The Romans already left some traces of their presence here in AD 85, but the city itself dates from the 6th or 7th century. Little wonder that this city attracted many eminent notables and artists, who found it inspirational for their work.


The idea behind the concept of Cotta's transformation decks was to create a series of six decks on an annual basis from 1805-1811. Each deck would focus on a different theme, with the second set based on Racine's plays such as Andromache (1667), Britannicus (1669), Iphigénie (1674), and Esther (1689), which featured figures from the history of classical antiquity, Greek and Roman mythology, Bible, ...

Forming a "Card Almanac" (Karten Almanach), each card in the deck would represent one of the 52 weeks in a calendar year. At the time it was popular to print various almanacs, which were special pocketbooks for the new year, and often included a short poem or quote for each week of the calendar year. It was a logical move to connect each of these 52 weeks with playing cards.


The famous Cotta's publishing house...

Johann Friedrich Cotta (*April 27, 1764 - December 29, 1832), publisher, industrial pioneer, and politician, the man at the helm of family publishing house J. G. Cotta
(founded yet in late 17th century by his grandfather Johann Georg Cotta *1631 - 1692) from Tübingen, Germany, around 1804 went on to produce a series of six playing card almanacs in successive years from 1805-1811,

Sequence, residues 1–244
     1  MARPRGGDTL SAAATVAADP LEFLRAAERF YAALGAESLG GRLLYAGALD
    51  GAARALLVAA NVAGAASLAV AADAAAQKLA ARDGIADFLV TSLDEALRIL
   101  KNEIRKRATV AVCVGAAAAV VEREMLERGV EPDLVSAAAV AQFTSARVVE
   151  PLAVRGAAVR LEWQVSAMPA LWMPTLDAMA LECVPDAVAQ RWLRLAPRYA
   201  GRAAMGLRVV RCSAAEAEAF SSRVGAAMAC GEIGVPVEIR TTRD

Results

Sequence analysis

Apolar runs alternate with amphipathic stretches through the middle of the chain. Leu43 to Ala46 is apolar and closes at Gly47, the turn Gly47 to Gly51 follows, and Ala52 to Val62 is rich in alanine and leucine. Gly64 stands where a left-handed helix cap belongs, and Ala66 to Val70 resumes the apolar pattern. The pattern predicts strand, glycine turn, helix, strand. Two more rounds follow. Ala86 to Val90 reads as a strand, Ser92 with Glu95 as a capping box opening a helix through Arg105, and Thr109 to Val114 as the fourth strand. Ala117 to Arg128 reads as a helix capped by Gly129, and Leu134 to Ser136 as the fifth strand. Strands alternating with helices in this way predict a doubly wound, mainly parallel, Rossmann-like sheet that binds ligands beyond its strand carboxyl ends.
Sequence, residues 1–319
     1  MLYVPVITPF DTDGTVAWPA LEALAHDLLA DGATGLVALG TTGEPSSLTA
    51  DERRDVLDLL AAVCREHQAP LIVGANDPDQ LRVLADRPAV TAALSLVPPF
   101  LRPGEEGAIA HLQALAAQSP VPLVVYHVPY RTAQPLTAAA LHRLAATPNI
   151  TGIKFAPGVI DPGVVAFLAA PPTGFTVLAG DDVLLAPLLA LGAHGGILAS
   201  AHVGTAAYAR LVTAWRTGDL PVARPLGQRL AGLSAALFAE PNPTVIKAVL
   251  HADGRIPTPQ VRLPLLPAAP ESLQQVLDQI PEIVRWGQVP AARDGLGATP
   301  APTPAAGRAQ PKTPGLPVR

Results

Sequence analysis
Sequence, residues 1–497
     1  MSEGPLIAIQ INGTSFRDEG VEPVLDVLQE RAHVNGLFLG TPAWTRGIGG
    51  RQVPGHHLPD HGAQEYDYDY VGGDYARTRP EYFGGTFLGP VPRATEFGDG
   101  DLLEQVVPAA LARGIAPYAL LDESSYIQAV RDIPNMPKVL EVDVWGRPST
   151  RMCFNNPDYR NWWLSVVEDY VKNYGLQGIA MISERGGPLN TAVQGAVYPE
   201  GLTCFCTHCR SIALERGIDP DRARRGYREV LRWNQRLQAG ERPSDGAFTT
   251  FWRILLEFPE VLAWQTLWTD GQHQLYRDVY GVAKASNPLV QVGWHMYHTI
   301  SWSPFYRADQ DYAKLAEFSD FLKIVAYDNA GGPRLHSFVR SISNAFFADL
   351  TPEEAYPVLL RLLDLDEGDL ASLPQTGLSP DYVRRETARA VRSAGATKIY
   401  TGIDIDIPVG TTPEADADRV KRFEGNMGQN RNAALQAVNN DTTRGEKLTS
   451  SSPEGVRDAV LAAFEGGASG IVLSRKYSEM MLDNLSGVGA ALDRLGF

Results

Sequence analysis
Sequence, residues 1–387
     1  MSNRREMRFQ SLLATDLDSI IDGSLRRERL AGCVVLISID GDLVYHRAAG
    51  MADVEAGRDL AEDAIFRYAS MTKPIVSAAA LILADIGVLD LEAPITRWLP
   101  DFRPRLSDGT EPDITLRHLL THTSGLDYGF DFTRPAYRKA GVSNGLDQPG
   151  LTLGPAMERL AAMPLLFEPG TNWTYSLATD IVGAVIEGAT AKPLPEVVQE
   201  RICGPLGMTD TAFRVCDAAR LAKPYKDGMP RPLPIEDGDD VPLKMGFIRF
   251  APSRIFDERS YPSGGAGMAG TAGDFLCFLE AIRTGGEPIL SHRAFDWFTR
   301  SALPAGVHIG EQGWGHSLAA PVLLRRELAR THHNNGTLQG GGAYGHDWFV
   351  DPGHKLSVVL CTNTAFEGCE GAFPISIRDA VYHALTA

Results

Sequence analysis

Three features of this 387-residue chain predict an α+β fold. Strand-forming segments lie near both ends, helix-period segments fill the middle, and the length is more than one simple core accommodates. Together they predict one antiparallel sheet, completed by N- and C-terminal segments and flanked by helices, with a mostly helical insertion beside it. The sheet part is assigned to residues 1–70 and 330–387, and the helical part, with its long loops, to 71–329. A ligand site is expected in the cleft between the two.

with a new deck appearing in all but one of those years.


In addition to Johann Friedrich Cotta's high standing as a publisher, he was a man of great practical energy, which flowed into various fields of activity, he promoted even many reforms and supported talented individuals.
It is also noticeable that in such period of his life he published numerous works of his own literature, political materials, and also yearbooks.

Cotta did have the goal of replacing the "inelegant" designs of contemporary German playing cards with a more artistic high-quality deck. But these playing cards were not intended for playing games with in the first place,
but rather for stimulating discussion about the "themed" images on each of the cards. Each year the court cards were designed to represent another theme, while the number cards featured pictures that were largely independent
drawings without a common topic, since they were especially intended as conversation pieces and depicted happenings.